Authorities have been looking into more than 120 bomb threats called into nearly 100 JCC schools, child care and other similar facilities across the nation since January. No injuries have been reported in any of the cases and no devices have been found. The FBI is assisting in the probe.

    Tuesday's wave of threats targeted a half-dozen Jewish organizations across the country, including the ADL, NYPD Police Commissioner James O'Neill said. 

    The Louis S Wolk JCC of Greater Rochester in Monroe County received a threat overnight and sent an email to employees and members around 6 a.m., multiple reports said. According to NBC affiliate WHEC, about 80 people in the building at the time had to leave as investigators swooped in.

    The nature of the threat wasn't immediately clear. Authorities deemed the center safe by 9:30 a.m.; it reopened shortly thereafter.

    "I am aware that there are other JCC facilities across the country that have received the same or similar-type threats," Brighton Police Chief Mark Henderson said during a morning briefing, according to the Democrat & Chronicle. "We will work with the FBI to see if this was a similar type threat."

    A Jewish center in Milwaukee was also evacuated after receiving a bomb threat Tuesday. That facility was also cleared; the group said it was the third threat targeting the center in the last month. There was a report of one Jewish center in Onondaga County's DeWitt being evacuated and another in Chicago. And NBC Miami reported David Posnack Hebrew Day School in Davie, Florida, was evacuated for the second time in a week after receiving a threat.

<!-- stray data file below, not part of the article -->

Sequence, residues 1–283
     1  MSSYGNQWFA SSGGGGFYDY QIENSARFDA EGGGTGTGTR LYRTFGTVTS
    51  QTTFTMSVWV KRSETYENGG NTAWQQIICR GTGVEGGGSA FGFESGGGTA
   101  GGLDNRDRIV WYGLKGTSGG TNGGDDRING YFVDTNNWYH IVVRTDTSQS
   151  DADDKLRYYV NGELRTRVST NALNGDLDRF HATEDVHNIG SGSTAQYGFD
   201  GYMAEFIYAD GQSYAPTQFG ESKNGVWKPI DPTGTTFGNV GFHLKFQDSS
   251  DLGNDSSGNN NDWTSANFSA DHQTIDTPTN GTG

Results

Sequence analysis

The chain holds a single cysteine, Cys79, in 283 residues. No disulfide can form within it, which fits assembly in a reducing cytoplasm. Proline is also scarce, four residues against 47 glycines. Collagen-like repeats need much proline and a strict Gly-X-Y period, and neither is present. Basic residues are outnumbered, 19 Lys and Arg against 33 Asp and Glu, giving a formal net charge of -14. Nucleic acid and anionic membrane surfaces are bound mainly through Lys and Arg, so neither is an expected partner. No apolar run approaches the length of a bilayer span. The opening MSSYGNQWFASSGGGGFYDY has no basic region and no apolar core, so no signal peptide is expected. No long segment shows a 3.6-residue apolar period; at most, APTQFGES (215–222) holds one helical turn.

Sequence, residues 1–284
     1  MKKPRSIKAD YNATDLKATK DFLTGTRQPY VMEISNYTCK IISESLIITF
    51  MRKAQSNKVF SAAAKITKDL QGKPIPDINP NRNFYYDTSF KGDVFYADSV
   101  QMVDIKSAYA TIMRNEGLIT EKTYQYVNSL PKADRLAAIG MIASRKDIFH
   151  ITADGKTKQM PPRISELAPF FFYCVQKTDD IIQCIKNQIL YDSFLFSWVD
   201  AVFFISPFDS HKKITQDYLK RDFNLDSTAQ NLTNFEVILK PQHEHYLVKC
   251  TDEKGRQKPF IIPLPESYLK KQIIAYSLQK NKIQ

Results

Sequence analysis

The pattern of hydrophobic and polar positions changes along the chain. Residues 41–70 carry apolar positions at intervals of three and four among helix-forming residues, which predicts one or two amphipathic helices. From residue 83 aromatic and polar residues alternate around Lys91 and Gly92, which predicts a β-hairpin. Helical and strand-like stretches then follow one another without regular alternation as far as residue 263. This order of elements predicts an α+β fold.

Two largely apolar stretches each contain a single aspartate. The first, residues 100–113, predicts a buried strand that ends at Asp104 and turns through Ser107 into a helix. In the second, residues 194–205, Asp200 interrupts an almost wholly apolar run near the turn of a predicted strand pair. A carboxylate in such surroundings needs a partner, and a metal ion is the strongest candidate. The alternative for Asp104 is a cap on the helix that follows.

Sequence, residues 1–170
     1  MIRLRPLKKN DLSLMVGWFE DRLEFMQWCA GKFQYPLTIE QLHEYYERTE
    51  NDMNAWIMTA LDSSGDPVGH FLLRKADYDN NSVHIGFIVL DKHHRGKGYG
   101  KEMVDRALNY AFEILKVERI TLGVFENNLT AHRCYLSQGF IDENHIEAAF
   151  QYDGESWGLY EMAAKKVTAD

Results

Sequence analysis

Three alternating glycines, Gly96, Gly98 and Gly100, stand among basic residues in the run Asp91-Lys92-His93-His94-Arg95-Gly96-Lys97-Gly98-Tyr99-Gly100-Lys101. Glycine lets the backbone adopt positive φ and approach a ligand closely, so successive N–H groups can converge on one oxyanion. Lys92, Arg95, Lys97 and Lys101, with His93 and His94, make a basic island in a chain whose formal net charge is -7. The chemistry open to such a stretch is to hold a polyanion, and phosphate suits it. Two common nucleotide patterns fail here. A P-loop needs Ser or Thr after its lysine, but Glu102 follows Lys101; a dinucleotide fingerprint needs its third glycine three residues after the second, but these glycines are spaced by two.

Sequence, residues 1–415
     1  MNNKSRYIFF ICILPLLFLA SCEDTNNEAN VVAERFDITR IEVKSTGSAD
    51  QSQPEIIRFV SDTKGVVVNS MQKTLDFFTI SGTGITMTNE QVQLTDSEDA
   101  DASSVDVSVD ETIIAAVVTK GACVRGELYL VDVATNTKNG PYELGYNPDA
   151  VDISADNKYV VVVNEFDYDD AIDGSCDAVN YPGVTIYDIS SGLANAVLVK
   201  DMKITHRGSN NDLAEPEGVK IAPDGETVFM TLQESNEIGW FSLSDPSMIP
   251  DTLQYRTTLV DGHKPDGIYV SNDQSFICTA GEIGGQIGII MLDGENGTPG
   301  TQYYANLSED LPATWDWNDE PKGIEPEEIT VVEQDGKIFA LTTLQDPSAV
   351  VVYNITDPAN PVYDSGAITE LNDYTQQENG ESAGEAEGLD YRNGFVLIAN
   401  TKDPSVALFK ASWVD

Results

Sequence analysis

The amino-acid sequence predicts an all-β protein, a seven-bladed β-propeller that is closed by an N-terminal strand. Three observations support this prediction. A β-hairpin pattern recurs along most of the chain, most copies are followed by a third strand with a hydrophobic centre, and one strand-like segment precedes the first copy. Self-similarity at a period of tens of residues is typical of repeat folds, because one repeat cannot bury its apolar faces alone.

A Jewish day school at a temple in Framingham, Massachusetts, was also briefly evacuated over a phone threat.

    Evan Bernstein, regional director of the ADL, condemned the new wave of threats in a brief statement Tuesday. Like Greenblatt, he called on the Trump administration to take concrete steps to stop the threats.

    All 100 U.S. senators signed a letter Tuesday urging the administration to do the same.

    “These cowardly acts aim to create an atmosphere of fear and disrupt the important programs and services offered by JCCs to everyone in the communities they serve, including in our states,” the senators wrote. “We are concerned that the number of incidents is accelerating and failure to address and deter these threats will place innocent people at risk and threaten the financial viability of JCCs, many of which are institutions in their communities."